Single-sex versus co-ed? Which is better for women?

As the STEM fields continue to observe a shortage of women in their fields, and as young girls remain reluctant to take up these subjects, education policy makers have been considering various solutions to level the playing field. One of the suggestions put forward by some educators has been the separation of classes into single-sex units. This move has elicited mixed reactions with various reasons being given for or against it. DiscovHER breaks down the issue in this article.

 In 2015, a study carried out by students from the Harvard Kennedy School which was based on an experiment by a Switzerland school in which students were split into single-sex classes, reported a few interesting findings. In math classes, single-sex classes had positive benefits for female students. These included getting higher grades than girls in co-ed classes, and attributing their performance to their own efforts, rather than to luck or talent. These improvements were observed regardless of teacher gender or the students’ prior abilities. In contrast to this, the study found no differences in the female students’ performance in languages based on the class composition.

The study seems to prove that single-sex education is more beneficial to girls than co-ed systems. Indeed, proponents of this type of student separation have several arguments on their side. One of these is the removal of stereotype threat, a phenomenon which can be defined as the generalization of a certain group of people as being bad at something, which in turn makes individual members of the said group worse at doing the action in question than those who aren’t exposed to that stereotype. For instance, when women are generalized as being bad at math, individual women who are exposed to this stereotype, regardless of their capability, will perform worse than those who are not.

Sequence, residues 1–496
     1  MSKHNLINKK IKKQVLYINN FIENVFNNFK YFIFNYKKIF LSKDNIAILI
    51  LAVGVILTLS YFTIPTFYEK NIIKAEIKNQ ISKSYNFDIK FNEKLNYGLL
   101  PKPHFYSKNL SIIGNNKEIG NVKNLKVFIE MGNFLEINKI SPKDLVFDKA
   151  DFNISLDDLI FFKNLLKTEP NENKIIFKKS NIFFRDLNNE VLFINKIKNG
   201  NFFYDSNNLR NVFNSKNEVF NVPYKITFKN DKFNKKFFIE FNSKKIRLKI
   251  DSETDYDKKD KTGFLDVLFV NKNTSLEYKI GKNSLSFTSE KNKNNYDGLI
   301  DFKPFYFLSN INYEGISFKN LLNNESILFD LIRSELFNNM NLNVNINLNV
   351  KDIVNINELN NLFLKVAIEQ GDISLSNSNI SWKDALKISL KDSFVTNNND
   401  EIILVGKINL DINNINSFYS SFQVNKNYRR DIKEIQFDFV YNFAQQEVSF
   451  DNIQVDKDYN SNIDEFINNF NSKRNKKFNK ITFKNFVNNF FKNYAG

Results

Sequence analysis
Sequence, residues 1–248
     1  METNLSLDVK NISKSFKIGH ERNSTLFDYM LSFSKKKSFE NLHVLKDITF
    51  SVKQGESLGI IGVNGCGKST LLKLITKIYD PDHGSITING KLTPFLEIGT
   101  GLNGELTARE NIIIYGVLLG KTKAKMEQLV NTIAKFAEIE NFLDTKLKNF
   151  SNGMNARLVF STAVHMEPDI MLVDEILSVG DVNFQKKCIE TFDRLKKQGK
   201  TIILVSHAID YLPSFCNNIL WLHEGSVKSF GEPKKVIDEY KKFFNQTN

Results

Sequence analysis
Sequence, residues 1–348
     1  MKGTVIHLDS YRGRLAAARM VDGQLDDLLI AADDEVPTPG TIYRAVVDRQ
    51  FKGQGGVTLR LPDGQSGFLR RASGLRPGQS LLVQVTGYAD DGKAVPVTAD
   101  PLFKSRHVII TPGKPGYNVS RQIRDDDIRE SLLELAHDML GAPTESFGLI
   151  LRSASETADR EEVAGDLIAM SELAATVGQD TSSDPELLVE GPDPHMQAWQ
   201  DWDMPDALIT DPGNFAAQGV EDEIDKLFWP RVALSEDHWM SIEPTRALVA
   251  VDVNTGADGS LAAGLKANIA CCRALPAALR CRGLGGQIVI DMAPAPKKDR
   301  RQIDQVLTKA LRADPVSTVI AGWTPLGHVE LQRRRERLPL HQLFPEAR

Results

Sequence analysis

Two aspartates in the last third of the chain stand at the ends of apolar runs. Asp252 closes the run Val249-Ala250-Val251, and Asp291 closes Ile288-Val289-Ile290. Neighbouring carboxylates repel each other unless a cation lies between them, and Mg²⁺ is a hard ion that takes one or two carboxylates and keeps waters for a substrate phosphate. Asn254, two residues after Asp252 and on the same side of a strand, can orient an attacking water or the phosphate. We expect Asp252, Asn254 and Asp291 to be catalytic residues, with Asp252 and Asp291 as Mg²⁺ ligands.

In addition, proponents also suggest that being in an all-female learning environment enables women to speak up and contribute more to their classes, without fear of ridicule or dismissal by their male counterparts. As certain scientists declare, these contributions will build a confidence that will serve them well in their careers. This is especially critical when we think of the many women who did not make it into scientific annals because they were spoken over or because male colleagues took credit for their hard work.

On the other hand, opponents of single-sex systems also make points that are contextually relevant. One of these issues is the fact that in many cases, especially as the system catches on as a trend, few educators do a deep dive into what it really entails, and therefore end up implementing a system that exacerbates the existing gender-based stereotypes. In one article by Forbes, an example is given of a public school which has created a system of mixed co-ed and single-sex classes. While on the outside the system seems to be working, with a notable rise in grades in single-sex classes, the way this is implemented leaves one surprised. The teaching approaches lean on antiquated stereotypes about gender and biological differences between male and female behavior, such as the assumption that boys only respond to authority, while girls are less boisterous. As one researcher states in the same article, it’s not enough to change the system, mentalities also must change.

In any case, as proven by many testimonials and studies, the solution for getting more women is not one-dimensional, and the change needed involves the overhaul of many things, systems and people alike.

Does being in a single-sex system work better for women’s learning outcomes in STEM-related subjects? Let us know what you think @4womeninscience

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